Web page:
The perpetual third behind Coca-Cola and PepsiCo in the U.S. carbonated soft drinks market, Dr Pepper Snapple had a solid 2016. Steady organic growth even in the declining segment of U.S. CSDs, coupled with a strong non-carbonated portfolio, has resulted in the company beating consensus estimates for five consecutive quarters now. Solid operating performance, leading to an increase in margins despite a decline in the top line, pushed up estimates for the full-year earnings for Dr Pepper. This occurred both after the announcement of Q2 results, and then again after the announcement of Q3 results. The company now expects full-year core EPS to be in the $4.32-$4.40 range, up from the updated estimate of $4.27-$4.35 after the second quarter results.
Dr Pepper Has Been Able To Grow Its CSD Volume
The U.S. CSD market is expected to have declined for the twelfth consecutive year in 2016. The per capita consumption was already down to 154 liters last year— the lowest since 1985. Now, Dr Pepper’s growth is heavily dependent on the U.S. CSD market, with around 82% of the company’s net volume in this category and ~90% of the company’s net revenue coming from the U.S. itself. Despite a portfolio heavily skewed towards a low-growth category, Dr Pepper has managed to grow its CSD volume in North America.
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Dr Pepper has managed to extract growth in this segment despite both the mature nature of the U.S. CSD market and strong market position of both Coca-Cola and PepsiCo, which together hold close to 70% of the market. Why Dr Pepper has managed to grow is also because of its relatively small market share. Dr Pepper is taking away share from other companies, especially PepsiCo, which has lost share continuously in the last few years. But mostly, Dr Pepper has been able to grow its revenue per case due to positive package and price mix, which has boosted its CSD revenue in North America, which formed 92% of the company’s net sales in 2015. Favorable package and price mix helped increase CSD sales by 2% in Q3, 2.5% in Q2 and 3% in Q1. Companies are moving to single-serves, which have higher price per unit, thus boosting the revenue per case. Although Coca-Cola and PepsiCo emphasized smaller packs before Dr Pepper did, the latter is catching up, and could continue to see growth in CSDs due to the expected rise in its revenue per unit volume. The company has closed approximately 98% voids on its regular smaller CSD packages.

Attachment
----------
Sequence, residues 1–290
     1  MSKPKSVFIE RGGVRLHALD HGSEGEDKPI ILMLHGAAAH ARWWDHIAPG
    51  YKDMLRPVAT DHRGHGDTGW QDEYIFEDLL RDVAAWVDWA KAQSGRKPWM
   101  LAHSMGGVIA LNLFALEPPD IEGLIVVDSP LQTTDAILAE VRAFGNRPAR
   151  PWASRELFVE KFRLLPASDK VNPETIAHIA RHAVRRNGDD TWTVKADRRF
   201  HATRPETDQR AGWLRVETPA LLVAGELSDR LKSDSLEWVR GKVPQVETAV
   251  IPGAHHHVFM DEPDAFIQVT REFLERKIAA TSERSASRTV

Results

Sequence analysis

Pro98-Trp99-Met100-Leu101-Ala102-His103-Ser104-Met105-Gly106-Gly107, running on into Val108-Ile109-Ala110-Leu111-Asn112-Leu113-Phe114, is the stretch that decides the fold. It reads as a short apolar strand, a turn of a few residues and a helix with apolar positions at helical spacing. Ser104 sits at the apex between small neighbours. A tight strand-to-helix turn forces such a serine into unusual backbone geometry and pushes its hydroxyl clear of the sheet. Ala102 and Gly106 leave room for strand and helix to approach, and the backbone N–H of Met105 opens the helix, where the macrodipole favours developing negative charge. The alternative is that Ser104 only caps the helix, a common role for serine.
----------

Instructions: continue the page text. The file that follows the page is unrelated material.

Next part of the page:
Allied Brands Contribute Big To Dr Pepper’s Growth
Dr Pepper is deriving high volume growth from its allied brands, which although together form roughly 5% of the company’s net volume, form ~50% of the top-line growth. The allied brands growth is included in the packaged beverage volumes for Dr Pepper, which is the distribution wing for these small but fast growing brands, such as Bai 5, Vita Coco, etc. Certain allied brands are experiencing both double- and triple-digit growth rates partially as a result of Dr Pepper’s specific focus on allied brand distribution and availability. At the gross margin line, the allied brands tend to carry lower gross margin because they have somebody else’s manufacturing profit in there, but are good contributors to Dr Pepper’s operating profitability. Allied brands are an important factor of growth, and Dr Pepper has continued to strengthen this segment.
In 2016, Dr Pepper bought Bai Brands, maker of antioxidant and other health-oriented beverages, for $1.7 billion, strengthening its portfolio of fast-growing beverage segments and moving slightly away from the slower-growth CSD category. Dr Pepper has remained formidable during tough times in the core CSD category and is also growing strongly in the faster-growing beverage categories in the non-carbonated drinks segment, which seemingly puts the company in good stead for another solid year in 2017.